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Saturday, March 09, 2019 

The Simpsons production staff pulls the old Michael Jackson episode from distribution

While it's a shame the Simpsons producers caved to the political correctness centered on Apu Naheesapamapeliton, I honestly can't feel disappointed about the news they're removing the early episode featuring the voice of Michael Jackson, because of the sexual assault scandal resurfacing in a recent documentary on HBO (via Fox News):
An episode of “The Simpsons” that features the voice of Michael Jackson will be removed from circulation — less than a week after the release of a documentary that exposes the singer’s alleged pedophilia, according to a report.

James L. Brooks, a ‘Simpsons’ executive producer, told The Wall Street Journal that he and two other creators of the show decided to pull the episode after watching the “Leaving Neverland” on HBO.

“The documentary gave evidence of monstrous behavior,” Brooks told the newspaper.

“The guys I work with—where we spend our lives arguing over jokes—were of one mind on this. It feels clearly the only choice to make.”

The classic episode, “Stark Raving Dad,” features the voice of Jackson as Leon Kompowsky, a mental hospital patient who shares a room with Homer Simpson.
It's certainly too hard to care if they shelve the tale in the dusty storage bins, because I'd become disillusioned with the Simpsons over 15 years ago. And because, after you find out that an allegedly popular showbiz star did things as obscene as what Jackson did, it takes all the flavor and humor out of the old story. The same can be said for an old episode from the early years featuring an allusion to Bill Cosby (I vaguely remember one where a picture of his now worthless 1984 biography "Fatherhood" made an appearance), and Dr. Julius Hibbert was based on Cosby, which now surely comes as an embarrassment for the cartoon's staff. After what's been found out about Jackson, far less are bound to watch that story, which centered on Lisa's birthday. It reminds me of an episode from Quantum Leap (1989-93), in a scene involving a youngster at a restaurant who's supposed to be the young Jackson, which I'd watched a second time a number of years ago, and I didn't find it charming or amusing at all. It was just depressing, having seen it again over 2 decades after it was filmed, and after news of Jackson's deviations from sanity were now public record. For anybody frightened at Jackson's dark past, they could feel the same way about the Simpsons episode, and who could blame them?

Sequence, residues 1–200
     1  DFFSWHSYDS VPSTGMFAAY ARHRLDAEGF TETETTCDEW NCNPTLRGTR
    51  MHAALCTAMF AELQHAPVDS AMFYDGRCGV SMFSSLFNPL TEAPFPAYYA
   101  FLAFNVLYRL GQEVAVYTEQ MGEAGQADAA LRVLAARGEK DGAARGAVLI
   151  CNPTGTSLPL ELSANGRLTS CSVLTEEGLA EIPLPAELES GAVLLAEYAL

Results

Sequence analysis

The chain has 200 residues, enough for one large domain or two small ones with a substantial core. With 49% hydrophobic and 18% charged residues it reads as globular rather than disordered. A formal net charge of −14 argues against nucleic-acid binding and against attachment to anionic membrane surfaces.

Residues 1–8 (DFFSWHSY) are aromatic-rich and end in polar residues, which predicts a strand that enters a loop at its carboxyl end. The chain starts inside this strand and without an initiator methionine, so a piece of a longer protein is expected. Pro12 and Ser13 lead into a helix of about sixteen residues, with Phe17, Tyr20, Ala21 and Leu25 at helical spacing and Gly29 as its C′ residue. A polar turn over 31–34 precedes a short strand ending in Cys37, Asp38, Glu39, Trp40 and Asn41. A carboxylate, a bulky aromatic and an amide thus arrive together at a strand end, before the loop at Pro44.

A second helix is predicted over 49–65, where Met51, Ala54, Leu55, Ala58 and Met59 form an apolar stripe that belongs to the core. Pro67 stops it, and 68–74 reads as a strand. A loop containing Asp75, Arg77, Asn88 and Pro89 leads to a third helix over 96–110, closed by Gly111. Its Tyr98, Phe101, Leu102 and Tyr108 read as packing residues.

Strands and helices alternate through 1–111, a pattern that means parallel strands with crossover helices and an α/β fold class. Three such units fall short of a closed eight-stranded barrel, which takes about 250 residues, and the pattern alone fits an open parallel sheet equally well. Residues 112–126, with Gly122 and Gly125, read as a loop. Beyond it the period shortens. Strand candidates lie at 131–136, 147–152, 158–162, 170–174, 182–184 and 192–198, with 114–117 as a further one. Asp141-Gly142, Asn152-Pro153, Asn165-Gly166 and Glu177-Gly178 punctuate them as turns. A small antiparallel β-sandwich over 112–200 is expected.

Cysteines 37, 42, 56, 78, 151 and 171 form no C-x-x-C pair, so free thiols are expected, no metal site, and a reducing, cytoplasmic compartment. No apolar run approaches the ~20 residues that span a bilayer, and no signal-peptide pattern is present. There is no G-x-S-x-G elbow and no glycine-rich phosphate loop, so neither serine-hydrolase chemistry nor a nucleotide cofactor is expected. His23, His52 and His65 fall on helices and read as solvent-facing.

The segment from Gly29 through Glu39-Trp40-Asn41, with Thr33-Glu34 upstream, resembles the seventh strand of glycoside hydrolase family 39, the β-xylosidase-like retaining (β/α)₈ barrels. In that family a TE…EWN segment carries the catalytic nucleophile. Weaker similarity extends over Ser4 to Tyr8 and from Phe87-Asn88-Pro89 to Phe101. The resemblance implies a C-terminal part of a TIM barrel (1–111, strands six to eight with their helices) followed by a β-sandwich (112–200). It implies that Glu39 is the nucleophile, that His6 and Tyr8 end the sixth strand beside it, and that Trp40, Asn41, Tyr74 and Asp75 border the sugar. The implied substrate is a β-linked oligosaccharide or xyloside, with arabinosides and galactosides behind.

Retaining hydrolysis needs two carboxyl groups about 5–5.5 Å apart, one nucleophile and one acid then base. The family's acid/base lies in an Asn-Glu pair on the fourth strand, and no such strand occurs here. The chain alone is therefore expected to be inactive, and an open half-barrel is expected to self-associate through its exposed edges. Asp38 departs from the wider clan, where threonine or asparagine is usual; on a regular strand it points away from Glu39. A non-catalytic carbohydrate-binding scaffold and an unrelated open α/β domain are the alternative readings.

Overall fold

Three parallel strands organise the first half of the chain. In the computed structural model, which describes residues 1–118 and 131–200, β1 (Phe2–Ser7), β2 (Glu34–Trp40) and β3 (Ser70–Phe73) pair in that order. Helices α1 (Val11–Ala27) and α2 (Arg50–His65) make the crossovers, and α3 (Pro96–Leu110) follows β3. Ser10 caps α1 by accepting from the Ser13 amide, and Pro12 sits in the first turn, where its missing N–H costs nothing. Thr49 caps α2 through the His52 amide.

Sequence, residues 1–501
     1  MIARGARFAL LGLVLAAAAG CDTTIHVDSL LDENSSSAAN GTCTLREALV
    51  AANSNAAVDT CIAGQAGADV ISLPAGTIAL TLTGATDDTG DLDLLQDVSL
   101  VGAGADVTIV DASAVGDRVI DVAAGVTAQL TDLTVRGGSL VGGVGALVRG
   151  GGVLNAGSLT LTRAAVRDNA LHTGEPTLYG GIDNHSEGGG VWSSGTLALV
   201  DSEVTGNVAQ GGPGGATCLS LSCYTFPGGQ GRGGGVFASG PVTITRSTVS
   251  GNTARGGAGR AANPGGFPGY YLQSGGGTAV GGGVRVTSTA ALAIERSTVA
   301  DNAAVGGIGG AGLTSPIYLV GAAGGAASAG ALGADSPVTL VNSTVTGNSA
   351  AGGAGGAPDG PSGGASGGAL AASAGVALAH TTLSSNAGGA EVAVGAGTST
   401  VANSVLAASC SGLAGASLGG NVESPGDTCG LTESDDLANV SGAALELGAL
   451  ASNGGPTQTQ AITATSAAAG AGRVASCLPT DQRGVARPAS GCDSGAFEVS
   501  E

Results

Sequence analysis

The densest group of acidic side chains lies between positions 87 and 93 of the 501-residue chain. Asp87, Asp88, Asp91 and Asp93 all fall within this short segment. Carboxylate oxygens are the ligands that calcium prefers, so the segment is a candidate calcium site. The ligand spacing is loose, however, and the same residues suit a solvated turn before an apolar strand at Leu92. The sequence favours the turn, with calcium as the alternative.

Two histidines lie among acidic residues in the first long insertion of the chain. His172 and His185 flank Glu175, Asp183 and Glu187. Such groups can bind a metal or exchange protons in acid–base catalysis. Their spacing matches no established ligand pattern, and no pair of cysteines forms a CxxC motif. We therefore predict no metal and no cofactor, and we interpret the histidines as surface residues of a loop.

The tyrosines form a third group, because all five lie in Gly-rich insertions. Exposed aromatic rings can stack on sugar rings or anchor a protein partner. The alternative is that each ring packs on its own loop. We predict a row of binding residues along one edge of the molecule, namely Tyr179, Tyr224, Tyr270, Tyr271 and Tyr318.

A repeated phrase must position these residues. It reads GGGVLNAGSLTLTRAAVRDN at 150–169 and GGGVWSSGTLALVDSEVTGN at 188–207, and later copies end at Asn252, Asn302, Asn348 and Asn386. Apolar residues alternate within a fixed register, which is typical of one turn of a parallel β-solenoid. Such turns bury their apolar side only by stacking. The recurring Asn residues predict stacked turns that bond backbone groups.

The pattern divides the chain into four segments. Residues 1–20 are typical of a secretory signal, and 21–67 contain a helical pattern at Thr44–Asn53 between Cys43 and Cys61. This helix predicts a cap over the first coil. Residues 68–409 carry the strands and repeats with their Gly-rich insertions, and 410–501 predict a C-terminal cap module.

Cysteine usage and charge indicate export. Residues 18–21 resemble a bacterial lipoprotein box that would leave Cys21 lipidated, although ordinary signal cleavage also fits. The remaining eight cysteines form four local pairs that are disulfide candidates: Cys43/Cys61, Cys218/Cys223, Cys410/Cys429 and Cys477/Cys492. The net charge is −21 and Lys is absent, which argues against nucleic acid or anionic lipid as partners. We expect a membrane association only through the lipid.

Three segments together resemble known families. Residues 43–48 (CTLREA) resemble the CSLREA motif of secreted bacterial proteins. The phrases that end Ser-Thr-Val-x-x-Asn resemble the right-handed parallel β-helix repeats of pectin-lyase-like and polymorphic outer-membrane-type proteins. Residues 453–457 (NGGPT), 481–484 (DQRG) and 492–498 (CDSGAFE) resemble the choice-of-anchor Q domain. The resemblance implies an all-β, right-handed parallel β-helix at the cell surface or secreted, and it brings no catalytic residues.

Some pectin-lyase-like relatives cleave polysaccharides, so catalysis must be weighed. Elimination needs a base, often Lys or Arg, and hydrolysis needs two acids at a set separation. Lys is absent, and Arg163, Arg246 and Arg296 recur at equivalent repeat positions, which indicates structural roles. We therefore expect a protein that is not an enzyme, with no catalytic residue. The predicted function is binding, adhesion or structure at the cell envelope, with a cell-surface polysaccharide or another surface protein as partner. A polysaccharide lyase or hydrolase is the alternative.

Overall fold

Maybe this is karma for all the other really bad ideas the Simpsons writers put in over the years, including political stuff. There is, however, one telling question in all this: how come the producers didn't pull the episode from circulation when Jackson was first accused in the late 1990s?

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Should everything a person does in his or her life affect the quality and/or appreciation of either literature or artwork (or anything between the two extremes)?

Speaking of animation, I know you're a big fan of Rocky & Bullwinkle, but I can't figure out why? I mean, one would think either the politics or segments "Fractured Fairy Tales" and "Aesop & Son" would drive you away from the cartoon given past behavior on both subjects.

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